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Saturday, August 31, 2013

Phillipa Bornikova: LINNET ELLERY SERIES

Author:  Phillipa Bornikova  (aka Melinda Snodgrass)
Plot Type:   Paranormal Legal Thriller with a Romantic Touch
Ratings:  Violence5; Sensuality4; Humor3  
Publisher and Titles:  Tor
          This Case Is Gonna Kill Me (9/2012)
          Box Office Poison (8/2013)

      Imagine a John Grisham legal thriller set in a supernatural mythology. In this fresh and inventive world, the Powers (vampires, werewolves, and Álfarelves) came out to humans back in the 1960s. While vamps and werewolves are former humans who have been Turned, Álfar are a different species altogether, with a homeland on another plane. "Fey was sort of overlaid on top or maybe beneath our world. Geography was the same, but somehow buildings changed or vanished. Álfar vehicles both motorized and horse-drawn didn't intersect with our vehicles, and humans and Álfar in the same building didn't see each other." (Box Office Poison, p. 140), Over the centuries, the wealthy Powers developed influential behind-the-scenes positions in human society, and now they hold those positions publicly. The werewolves are big in business and technology; the vampires run major law firms and other justice system positions; and the Álfar are major players in show business. 

     Naturally enough, some humans aren't happy about living among supernaturals, so there is the usual resistance in the form of a group called Human Firsta self-explanatory organizational name that has been used in variation by other authors in other series. That organization is part of the plot for the second book. Because of this human opposition, "the Powers tended to congregate in major metropolitan areasNew York, Los Angeles, Washington, DC, London, Paris. People in urban areas were generally more accepting of different lifestyles. But until the Powers started living in [small towns], they were never going to be fully accepted. They are going to continue to be a source of titillation and dread...." (This Case Is Gonna Kill Me, p. 70)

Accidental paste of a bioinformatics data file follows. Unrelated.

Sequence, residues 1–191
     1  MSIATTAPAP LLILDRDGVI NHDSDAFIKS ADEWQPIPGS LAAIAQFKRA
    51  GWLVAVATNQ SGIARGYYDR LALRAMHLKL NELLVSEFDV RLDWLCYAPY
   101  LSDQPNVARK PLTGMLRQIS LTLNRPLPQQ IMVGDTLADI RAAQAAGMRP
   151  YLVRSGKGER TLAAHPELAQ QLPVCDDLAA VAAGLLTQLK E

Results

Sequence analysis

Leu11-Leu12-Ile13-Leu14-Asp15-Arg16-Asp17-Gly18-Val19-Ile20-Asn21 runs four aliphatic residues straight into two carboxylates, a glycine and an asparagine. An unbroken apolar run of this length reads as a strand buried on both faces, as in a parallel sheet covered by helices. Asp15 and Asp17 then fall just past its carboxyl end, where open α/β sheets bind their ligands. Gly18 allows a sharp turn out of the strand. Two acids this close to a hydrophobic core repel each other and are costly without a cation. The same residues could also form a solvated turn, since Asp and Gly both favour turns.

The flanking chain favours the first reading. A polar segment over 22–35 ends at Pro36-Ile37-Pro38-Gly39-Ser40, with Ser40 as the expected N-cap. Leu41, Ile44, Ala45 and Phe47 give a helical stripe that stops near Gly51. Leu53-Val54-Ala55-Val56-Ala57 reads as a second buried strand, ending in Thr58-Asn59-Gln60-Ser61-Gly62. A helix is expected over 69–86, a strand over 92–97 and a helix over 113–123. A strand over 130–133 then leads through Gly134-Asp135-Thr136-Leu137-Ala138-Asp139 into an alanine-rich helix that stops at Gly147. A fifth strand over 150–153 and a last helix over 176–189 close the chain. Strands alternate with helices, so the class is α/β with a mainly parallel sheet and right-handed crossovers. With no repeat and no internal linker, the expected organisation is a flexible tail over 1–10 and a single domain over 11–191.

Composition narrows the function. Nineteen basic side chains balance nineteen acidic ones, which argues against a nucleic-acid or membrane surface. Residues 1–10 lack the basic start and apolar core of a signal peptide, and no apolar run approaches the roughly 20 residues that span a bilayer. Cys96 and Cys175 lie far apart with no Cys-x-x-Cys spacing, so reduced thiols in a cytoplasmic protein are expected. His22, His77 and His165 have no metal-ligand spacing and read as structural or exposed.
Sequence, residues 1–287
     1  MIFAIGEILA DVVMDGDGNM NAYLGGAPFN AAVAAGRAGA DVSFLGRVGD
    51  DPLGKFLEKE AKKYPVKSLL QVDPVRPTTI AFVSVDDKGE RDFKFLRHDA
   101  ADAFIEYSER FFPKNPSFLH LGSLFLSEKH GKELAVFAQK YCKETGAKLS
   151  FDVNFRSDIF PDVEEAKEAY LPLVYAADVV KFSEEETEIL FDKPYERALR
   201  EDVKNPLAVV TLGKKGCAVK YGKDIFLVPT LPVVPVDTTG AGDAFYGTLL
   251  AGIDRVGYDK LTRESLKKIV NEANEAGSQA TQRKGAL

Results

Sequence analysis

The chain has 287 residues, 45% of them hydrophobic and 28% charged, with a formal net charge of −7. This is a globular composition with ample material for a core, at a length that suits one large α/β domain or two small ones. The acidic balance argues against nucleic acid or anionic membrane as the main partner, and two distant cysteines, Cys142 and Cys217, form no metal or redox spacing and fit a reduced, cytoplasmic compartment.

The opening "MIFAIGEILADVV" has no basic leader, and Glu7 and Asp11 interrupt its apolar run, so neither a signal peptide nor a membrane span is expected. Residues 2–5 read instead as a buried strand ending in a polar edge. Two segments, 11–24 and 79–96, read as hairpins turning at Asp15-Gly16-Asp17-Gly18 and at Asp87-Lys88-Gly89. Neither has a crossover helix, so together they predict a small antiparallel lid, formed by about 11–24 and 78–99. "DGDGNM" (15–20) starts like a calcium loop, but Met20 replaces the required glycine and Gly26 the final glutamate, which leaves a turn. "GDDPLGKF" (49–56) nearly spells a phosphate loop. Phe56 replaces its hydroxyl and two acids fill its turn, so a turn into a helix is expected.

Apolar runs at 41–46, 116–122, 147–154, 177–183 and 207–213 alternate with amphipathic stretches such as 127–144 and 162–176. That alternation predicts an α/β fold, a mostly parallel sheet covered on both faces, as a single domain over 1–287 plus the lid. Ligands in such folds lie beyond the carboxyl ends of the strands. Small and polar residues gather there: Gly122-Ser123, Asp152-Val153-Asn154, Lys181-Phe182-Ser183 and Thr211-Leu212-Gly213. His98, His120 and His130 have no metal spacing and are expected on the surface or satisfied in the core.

The vampires in this world are immortal (unless they are decapitated or burned), but not self-healing. They all bear scars from their centuries of violent life. All of these vamps are males. Female vampires are nonexistent; they are anathema. If a vamp Makes a female vamp, both are immediately killed. In the first two books, this peculiarity is not explained, but it is certainly discussed. One character explains, "The official party line for both the vampires and the werewolves is chivalry, but I think it's more about self-preservation, and not upsetting the peasants by going after their womenfolk. If you start threatening wives and daughters, you're going to end up with an angry mob outside your house waving torches and pitchforks." (This Case..., p. 138)

     One other type of supernatural creature that is mentioned in passing is the Hunter, a less-than-human creature that is apparently used as a mercenary by the vampires. We don't see any Hunters in action in the first two books, but here is a description of one from a TV movie that is described in book 1: "On the screen a Hunter shambled after a teen couple. Its face was a pale oval, and its only definable feature was a strange, red mouth. How it breathed or saw was a mystery. The worm-like digits that passed for fingers stiffened into claws and thrust into the boy's chest." (This Case..., p. 146) The vampires created the loathsome Hunters, "who were the source of all of the walking-dead legends that permeated human cultures. Only vampires with their mesmerizing powers could fully control Hunters, and a special class of vampire enforcers handled the creatures." (This Case..., p. 146)

     The author has a background in both the legal system (as an attorney) and in show business (as a writer and editor), and she includes many realistic details of both career fields in the stories. She is also a horse trainer, and the details of this career spill over into the life of the series heroine, Linnet Ellery. Linnet is a human woman, a brand-new attorney who is hired by a White-Fang law firm called Ishmael, McGillary & Gold. (In an on-line interview, the author explains that "there's a tradition in the law to call very prestigious law firms 'White Shoe' firms. It just worked so perfectly for a vampire law firm to be a 'White Fang' firm."Although Linnet is a human, not a werewolf, she reminds me of Carrie Vaughn's Kitty Norville in that she doesn't have super strength or mad fighting skills so she uses her intellect (and in Linnet's case, her legal skills) to get herself out of tough situations.